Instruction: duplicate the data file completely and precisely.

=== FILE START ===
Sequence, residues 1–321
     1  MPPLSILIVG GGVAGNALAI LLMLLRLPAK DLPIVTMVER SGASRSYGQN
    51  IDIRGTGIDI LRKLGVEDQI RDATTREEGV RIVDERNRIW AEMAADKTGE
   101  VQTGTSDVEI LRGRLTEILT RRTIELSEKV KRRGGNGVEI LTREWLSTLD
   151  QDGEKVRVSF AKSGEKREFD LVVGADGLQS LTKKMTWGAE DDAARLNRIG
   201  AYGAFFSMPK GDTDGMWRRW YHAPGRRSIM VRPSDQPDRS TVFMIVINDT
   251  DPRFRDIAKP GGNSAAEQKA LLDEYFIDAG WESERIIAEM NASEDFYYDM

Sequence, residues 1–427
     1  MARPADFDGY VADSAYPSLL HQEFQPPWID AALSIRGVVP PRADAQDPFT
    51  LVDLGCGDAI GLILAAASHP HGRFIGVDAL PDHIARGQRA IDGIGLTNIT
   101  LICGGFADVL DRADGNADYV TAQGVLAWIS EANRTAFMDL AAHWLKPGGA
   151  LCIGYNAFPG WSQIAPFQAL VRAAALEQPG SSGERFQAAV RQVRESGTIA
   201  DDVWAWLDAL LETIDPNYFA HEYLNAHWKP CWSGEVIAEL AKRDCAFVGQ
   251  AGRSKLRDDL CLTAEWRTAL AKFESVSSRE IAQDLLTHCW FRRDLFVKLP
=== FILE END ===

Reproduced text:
Sequence, residues 1–321
     1  MPPLSILIVG GGVAGNALAI LLMLLRLPAK DLPIVTMVER SGASRSYGQN
    51  IDIRGTGIDI LRKLGVEDQI RDATTREEGV RIVDERNRIW AEMAADKTGE
   101  VQTGTSDVEI LRGRLTEILT RRTIELSEKV KRRGGNGVEI LTREWLSTLD
   151  QDGEKVRVSF AKSGEKREFD LVVGADGLQS LTKKMTWGAE DDAARLNRIG
   201  AYGAFFSMPK GDTDGMWRRW YHAPGRRSIM VRPSDQPDRS TVFMIVINDT
   251  DPRFRDIAKP GGNSAAEQKA LLDEYFIDAG WESERIIAEM NASEDFYYDM

Sequence, residues 1–427
     1  MARPADFDGY VADSAYPSLL HQEFQPPWID AALSIRGVVP PRADAQDPFT
    51  LVDLGCGDAI GLILAAASHP HGRFIGVDAL PDHIARGQRA IDGIGLTNIT
   101  LICGGFADVL DRADGNADYV TAQGVLAWIS EANRTAFMDL AAHWLKPGGA
   151  LCIGYNAFPG WSQIAPFQAL VRAAALEQPG SSGERFQAAV RQVRESGTIA
   201  DDVWAWLDAL LETIDPNYFA HEYLNAHWKP CWSGEVIAEL AKRDCAFVGQ
   251  AGRSKLRDDL CLTAEWRTAL AKFESVSSRE IAQDLLTHCW FRRDLFVKLP